In the more recent case from 1990, the high court decided that the government could adopt laws that might burden someone's religion as long as the law was neutral and didn't target a specific faith.
The case focused on two Oregon men who were denied unemployment benefits. The men were fired from their jobs after they ingested peyote for sacramental purposes.
The court upheld the denial of the benefits in a decision that seemed to cast aside decades of precedent.
But Stinemetz's legal team cites a 1963 Supreme Court case in which the justices ruled that government needed a compelling state interest to justify infringing on someone's right to freely exercise their religion.
That case involved a member of the Seventh Day Adventist Church who was denied unemployment benefits after she was fired from her job because she refused to work on Saturdays. She couldn't find work elsewhere.
The state said she was ineligible for the benefit because she failed, without good cause, to accept a job when it was offered.
Stinemetz suffers primary biliary cirrhosis, a chronic disease that inflames the bile ducts in the liver and eventually causes them to disappear. When the bile ducts become damaged, bile accumulates in the liver, injuring the organ and causing it to deteriorate and malfunction.
The disease develops over time - Stinemetz has suffered it for 20 years - and its primary cause is unknown, according to the National Digestive Diseases Information Clearinghouse. A transplant is the only cure.
"I don't feel that great. I am very, very weak," said Stinemetz, who will not make the trip to Topeka for today's hearing.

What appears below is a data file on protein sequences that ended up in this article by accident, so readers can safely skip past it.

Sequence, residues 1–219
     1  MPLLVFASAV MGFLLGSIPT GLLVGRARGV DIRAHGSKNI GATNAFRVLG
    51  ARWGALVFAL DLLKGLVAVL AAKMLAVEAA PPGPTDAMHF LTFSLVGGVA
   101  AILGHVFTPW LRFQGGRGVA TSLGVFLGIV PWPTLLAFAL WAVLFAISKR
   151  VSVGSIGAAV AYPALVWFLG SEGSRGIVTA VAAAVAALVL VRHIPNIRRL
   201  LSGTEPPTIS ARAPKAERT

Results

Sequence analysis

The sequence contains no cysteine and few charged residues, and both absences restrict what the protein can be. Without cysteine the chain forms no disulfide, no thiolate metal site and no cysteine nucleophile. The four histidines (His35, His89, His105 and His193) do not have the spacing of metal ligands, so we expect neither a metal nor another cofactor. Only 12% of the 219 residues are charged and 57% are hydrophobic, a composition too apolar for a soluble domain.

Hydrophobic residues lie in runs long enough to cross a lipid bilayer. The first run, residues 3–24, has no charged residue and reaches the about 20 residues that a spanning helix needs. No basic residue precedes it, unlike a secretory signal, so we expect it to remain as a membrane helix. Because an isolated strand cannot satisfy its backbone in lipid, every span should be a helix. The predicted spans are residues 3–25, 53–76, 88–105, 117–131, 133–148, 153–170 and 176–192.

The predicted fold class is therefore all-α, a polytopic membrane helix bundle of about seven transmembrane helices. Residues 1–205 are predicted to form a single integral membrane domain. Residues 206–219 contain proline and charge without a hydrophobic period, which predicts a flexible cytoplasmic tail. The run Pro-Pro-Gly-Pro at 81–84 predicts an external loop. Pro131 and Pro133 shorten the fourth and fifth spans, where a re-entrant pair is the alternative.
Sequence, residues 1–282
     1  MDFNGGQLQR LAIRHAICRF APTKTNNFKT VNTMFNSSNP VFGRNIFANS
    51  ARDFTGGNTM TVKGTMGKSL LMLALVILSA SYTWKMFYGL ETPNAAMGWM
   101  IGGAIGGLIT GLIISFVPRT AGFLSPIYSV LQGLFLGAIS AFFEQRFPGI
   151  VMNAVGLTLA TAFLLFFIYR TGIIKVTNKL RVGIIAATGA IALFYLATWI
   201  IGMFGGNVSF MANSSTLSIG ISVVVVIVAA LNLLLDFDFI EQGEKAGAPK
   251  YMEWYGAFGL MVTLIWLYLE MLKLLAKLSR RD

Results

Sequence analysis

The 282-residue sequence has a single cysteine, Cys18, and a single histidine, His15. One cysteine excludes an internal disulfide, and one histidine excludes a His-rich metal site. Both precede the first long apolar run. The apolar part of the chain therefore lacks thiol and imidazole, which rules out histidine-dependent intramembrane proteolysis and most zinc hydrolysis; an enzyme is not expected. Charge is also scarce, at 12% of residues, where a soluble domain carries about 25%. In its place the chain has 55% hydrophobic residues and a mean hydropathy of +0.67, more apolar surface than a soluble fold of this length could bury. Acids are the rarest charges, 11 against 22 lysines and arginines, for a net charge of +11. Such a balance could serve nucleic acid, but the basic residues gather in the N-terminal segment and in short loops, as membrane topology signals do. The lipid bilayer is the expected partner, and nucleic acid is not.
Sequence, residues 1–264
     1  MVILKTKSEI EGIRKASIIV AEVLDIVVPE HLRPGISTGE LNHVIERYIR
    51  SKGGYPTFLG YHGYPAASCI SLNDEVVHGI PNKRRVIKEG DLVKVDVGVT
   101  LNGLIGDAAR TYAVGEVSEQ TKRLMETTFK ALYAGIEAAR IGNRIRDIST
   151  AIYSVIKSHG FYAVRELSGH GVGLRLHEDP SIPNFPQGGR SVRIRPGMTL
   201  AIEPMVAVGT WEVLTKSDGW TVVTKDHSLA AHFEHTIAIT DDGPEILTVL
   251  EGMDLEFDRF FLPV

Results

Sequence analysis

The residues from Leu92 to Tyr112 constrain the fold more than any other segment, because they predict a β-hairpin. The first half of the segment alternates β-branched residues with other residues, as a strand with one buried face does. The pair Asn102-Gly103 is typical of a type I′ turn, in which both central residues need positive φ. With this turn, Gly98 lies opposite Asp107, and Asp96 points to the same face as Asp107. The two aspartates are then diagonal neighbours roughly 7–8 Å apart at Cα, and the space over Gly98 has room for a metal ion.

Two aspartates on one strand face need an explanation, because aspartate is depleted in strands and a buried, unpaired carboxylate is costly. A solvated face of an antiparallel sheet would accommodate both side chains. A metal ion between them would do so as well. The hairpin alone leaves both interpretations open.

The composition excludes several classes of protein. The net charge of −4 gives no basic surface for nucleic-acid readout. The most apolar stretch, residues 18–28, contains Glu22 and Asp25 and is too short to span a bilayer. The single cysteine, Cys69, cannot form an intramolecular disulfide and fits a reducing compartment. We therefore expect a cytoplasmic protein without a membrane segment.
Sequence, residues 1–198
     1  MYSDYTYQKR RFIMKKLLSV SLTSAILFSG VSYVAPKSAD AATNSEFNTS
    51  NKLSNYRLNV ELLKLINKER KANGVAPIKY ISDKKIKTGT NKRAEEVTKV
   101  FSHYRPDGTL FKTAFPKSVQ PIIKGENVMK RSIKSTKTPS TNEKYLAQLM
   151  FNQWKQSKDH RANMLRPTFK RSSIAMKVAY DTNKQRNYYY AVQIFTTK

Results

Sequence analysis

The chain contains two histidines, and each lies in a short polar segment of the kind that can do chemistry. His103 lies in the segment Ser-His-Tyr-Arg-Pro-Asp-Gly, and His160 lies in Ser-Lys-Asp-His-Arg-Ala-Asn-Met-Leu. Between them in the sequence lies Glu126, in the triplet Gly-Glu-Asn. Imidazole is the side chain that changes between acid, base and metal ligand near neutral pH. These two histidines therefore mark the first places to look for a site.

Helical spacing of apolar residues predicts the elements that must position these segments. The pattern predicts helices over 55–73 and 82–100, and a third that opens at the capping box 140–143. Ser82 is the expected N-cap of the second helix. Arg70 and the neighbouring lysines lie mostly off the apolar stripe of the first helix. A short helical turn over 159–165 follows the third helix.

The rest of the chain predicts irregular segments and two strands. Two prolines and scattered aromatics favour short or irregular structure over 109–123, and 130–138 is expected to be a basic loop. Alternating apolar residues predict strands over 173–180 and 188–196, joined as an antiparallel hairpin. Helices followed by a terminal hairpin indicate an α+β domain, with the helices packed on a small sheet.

As the disease has progressed, Stinemetz has rapidly lost weight, she's short of breath, her immune system is weakened, her abdomen is enlarged, and she has had a lung drained of fluid at least 13 times in the last 18 months. She has chills because she's anemic.
She moves slowly and spends a lot of time at home for fear of catching a cold.
In 2009, after Stinemetz learned she would need a liver transplant, she went to the University of Kansas Hospital for an evaluation.
She told KU physicians that she wouldn't accept a liver transplant that involved blood transfusions.
KU decided against moving ahead with any further work on the case and recommended she seek another hospital that might perform a blood-free surgical procedure.
The KU hospital doesn't perform bloodless transplants because its doctors don't think they're in the patient's best interest, said spokesman Dennis McCulloch.
Bloodless liver transplants have been only around for about a decade, and they are only offered at five to eight other hospitals nationwide and none in Kansas, said Jean Botha, associate professor of surgery at Nebraska Medical Center.
Botha conceded the surgery shouldn't be used routinely because the "safety is just not there." He said the surgery was done primarily to help Jehovah's Witness patients.
Meanwhile, Stinemetz and her husband, Merlyn, are vowing to fight on as long as their lawyers are willing. Yet Mary Stinemetz isn't sure how much longer she will live without a new liver, although it's probably not more than a couple years.
And she's not even on a waiting list for the organ.
"I'm just surprised I'm still here, to be honest with you," Stinemetz said. "As long as I'm in Jehovah's memory, I know I will be resurrected. I'm not afraid of dying by any means."